In the months following the explosion on the Deepwater Horizon, BP waged an intense public relations war to downplay the size and impact of the disaster. BP "underestimated" (read: lied about) the size of the spill and sought to keep the press out of sensitive areas. For its part, the US government was too often willing to buy those lines and back BP's position, perhaps hoping to reinforce the notion that the spill wasn't all that bad and to demonstrate that the federal response was swift and effective.
As such, the National Oceanographic and Atmospheric Administration (NOAA) deigned not to release a slew of graphic photos during the height of the spill—despite receiving Freedom of Information requests to do so. According to a report in Mother Jones today, Greenpeace filed the FOI request in August 2010, asking for information on a number of endangered species, and has only just now received the materials.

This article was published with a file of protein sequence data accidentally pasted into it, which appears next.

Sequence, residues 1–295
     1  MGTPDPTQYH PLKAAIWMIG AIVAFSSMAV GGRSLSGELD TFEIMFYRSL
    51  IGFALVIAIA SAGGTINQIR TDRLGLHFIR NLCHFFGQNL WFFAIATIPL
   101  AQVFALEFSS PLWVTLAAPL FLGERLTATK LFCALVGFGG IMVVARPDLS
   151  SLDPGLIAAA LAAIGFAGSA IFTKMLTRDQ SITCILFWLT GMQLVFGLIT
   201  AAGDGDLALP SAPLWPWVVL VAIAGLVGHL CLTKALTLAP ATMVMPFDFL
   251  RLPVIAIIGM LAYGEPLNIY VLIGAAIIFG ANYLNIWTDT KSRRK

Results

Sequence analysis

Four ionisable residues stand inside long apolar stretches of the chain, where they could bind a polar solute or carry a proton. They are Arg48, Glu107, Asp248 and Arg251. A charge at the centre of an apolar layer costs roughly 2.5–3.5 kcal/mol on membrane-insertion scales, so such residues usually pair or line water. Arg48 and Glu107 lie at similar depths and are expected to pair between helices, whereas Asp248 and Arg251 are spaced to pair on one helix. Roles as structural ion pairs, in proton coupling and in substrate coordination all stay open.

As you can see, they're not pretty. Many of them show Kemp's Ridley sea turtles, an endangered species, choked by oil.
Others offer a new perspective at the extent of the spill.
The photo's aren't timestamped, but the request was filed for the summer months during the spill, so chances are they date around June-August 2010.
Go see Kate Sheppard's full report at Mother Jones, with more photos, if you're in the mood to have your day completely ruined.